Elliott Abrams, a senior fellow for Middle Eastern Studies at the Council on Foreign Relations, has written a study of idealism vs. realism in American foreign policy from the Cold War through the end of the Obama years. The book is also, more specifically and more pointedly, a summary of the current debate over the proper role of democracy-building in U.S. policy in the Middle East.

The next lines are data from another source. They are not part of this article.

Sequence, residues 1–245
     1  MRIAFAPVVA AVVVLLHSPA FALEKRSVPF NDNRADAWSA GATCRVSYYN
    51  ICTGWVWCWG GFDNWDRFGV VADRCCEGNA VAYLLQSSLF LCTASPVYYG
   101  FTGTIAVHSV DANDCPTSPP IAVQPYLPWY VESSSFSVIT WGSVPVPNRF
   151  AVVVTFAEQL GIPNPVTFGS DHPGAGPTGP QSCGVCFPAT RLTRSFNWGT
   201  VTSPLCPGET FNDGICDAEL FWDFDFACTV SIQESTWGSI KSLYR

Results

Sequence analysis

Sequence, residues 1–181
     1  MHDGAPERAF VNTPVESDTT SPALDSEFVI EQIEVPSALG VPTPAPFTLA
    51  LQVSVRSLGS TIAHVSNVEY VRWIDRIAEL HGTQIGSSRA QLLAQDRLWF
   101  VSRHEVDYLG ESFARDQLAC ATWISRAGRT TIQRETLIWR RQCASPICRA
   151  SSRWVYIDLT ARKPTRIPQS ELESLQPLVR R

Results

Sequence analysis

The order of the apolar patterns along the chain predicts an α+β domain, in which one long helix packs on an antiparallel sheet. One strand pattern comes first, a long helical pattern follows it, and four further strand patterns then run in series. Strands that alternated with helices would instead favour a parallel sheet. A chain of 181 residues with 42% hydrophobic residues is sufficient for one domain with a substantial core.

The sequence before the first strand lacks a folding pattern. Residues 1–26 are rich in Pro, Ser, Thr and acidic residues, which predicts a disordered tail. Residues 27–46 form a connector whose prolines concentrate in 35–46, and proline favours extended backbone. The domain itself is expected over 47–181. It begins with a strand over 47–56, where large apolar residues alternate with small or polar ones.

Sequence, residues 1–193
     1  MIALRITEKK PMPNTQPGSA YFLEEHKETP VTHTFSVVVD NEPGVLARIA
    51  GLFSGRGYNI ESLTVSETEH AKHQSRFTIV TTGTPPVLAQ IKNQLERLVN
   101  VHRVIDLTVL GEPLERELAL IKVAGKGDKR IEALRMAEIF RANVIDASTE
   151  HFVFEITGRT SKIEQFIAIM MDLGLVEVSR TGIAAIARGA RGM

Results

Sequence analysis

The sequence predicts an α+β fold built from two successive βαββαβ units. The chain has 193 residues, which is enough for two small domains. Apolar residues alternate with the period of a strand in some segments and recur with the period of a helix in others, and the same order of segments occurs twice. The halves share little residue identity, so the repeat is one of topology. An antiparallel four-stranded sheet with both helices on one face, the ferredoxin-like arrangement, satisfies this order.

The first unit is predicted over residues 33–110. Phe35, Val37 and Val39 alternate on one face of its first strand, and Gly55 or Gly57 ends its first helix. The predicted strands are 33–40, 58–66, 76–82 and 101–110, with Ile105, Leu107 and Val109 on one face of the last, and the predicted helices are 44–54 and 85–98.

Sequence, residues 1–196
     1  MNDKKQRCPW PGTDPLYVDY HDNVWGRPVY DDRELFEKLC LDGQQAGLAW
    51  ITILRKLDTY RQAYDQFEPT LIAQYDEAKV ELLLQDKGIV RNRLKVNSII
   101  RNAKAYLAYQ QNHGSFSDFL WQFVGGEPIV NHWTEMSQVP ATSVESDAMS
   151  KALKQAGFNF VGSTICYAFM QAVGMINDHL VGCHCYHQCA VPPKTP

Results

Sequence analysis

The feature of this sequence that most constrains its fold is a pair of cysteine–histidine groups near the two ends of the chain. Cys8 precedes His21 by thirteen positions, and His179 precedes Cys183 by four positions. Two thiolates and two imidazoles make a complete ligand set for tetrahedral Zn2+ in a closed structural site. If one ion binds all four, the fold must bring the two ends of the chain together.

Realists in the vein of Talleyrand and Palmerston won’t like this book. Those 19th-century statesmen were not concerned with democracy. Their lodestar was the balance of power. To serve reason of state, they would sup with the devil, betray allies and break treaties. They lived by the ancient Roman precept Salus populi suprema lex—the good of the nation is the highest law.
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